It’s turned out to be a busy year, which is fantastic! Debbie Turner the AD of Cape Town City Ballet was over in the U.K and saw The Shape of Sound (having its London premiere at the Linbury in November), and she then approached me, and we got talking. It’s a fantastic opportunity to continue to develop my freelance career and start to build an international reputation, I am very grateful to Debbie for commissioning me. It will be my fourth new work this year, Milwaukee Ballet, two works for the BBC and one for CCG in Spain. It’s been an interesting period for me because I’ve enjoyed the challenge and its lead to a realisation that the creative muscle develops differently when worked and sculpted on a regular, constant basis. I am interested and excited to learn from a different culture and organisation and its artists. I enjoy going through the doors on that first day and connecting with a new group of people, discovering and understanding them as a team and as individuals and how to bring out the best in them, which invariably brings out the best in me, the process and the work.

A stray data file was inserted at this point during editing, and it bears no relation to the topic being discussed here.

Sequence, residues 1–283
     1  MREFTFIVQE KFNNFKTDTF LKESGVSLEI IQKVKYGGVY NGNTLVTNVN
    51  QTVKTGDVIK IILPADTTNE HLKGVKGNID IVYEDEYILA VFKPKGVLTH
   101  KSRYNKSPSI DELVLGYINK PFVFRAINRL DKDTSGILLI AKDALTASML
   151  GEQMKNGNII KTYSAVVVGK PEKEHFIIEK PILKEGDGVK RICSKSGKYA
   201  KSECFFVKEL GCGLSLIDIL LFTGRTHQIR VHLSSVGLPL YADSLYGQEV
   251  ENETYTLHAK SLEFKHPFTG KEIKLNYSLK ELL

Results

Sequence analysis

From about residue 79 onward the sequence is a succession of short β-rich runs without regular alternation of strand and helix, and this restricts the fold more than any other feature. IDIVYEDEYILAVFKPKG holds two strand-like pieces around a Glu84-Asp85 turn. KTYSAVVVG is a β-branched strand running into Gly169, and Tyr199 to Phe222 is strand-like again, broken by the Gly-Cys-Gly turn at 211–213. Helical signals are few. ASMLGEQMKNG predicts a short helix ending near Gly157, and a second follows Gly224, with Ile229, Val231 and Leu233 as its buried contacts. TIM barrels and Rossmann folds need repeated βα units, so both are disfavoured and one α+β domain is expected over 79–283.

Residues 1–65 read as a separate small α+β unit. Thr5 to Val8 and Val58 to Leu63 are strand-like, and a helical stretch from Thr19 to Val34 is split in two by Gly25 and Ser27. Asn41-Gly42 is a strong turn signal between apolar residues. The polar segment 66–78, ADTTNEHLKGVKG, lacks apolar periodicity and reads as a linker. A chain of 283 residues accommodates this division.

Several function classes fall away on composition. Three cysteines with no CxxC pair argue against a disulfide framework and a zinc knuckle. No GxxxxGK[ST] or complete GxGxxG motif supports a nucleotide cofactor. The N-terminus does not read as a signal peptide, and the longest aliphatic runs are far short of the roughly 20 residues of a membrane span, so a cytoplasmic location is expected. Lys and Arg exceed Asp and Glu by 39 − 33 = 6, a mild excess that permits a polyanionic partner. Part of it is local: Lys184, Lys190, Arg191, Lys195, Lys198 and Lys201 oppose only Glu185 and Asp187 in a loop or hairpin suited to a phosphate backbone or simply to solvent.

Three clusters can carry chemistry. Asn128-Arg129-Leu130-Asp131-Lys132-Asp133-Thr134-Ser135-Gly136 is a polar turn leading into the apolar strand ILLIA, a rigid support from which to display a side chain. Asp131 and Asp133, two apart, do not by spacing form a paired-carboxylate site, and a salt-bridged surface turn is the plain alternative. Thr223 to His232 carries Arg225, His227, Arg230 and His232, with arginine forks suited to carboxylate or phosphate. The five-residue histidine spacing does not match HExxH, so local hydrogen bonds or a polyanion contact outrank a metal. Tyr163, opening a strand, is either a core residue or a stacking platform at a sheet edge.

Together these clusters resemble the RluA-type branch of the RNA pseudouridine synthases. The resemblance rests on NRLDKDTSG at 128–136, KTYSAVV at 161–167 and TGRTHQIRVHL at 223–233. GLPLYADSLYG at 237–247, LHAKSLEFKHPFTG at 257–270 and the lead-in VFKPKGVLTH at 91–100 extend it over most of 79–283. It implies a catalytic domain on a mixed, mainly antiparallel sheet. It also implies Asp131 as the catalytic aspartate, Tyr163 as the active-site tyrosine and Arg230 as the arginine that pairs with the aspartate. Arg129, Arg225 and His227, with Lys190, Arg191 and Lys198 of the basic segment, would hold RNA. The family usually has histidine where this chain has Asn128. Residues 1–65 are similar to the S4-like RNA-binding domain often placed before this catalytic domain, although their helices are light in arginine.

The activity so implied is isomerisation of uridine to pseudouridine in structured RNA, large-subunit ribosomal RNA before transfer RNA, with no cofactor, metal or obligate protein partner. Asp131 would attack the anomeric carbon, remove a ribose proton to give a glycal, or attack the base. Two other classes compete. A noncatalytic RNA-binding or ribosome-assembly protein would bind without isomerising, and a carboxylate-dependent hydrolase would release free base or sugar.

What was it like working on BBC Young Dancer, where you choreographed a piece and acted as mentor to one of the contestants? Are you generally hopeful for the future of ballet?
It was great to get that level of recognition from an organisation as big as the BBC. It’s a fantastic platform for dance and creating in that environment was a very different challenge. It’s about understanding the brief and finding a balance. You are looking to create a piece that is suitable for the dancer and their ability, allows your voice to shine through and is relevant to the broad audience that will see it. It was a great opportunity to practice and hone my leadership and producer skills and to witness the large team operation of the BBC, given my continuing work on Northern Ballet’s digital platform.
The level of ballet was good this year, and I enjoyed mentoring the talent that was displayed throughout. I’ve been lucky to have had lots of great people around me at all the different stages of my career and feel it’s only right to give back and pay it forward. It’s a crucial point in a dancer’s development, just before you join a company, and I liked having the opportunity to be part of a platform that makes competition a healthy, positive experience.
Like it or not shows like this and Strictly have introduced and broadened the audience for dance. Sometimes ballet gets a bad rap, and it’s important we continue to address this. How can we challenge it? Is it with different music styles, different rep, the overall look and style we package our work in? The competition allowed me to challenge some of the stereotypes that exist around ballet.
Kenneth Tindall’s choreography for BBC Young Dancer Chloe Keneally